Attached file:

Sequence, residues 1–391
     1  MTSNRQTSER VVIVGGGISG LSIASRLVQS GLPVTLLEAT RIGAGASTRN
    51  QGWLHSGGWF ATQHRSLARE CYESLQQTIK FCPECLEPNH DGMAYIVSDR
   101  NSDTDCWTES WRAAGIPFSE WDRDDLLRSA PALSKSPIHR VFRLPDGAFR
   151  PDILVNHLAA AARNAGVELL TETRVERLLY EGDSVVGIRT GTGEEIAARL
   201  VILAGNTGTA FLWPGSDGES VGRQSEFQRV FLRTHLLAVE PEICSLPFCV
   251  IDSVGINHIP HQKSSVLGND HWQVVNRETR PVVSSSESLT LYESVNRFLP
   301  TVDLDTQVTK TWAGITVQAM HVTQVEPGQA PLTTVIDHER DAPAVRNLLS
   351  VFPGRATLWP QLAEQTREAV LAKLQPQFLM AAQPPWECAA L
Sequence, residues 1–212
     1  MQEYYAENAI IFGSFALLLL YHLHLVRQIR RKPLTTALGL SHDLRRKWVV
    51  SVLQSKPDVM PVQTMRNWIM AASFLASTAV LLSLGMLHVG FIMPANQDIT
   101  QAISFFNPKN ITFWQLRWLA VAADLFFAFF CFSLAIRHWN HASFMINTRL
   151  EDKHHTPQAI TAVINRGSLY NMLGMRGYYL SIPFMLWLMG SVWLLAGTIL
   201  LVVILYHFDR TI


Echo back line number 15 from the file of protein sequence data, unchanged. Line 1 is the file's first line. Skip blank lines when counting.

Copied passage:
   201  LVVILYHFDR TI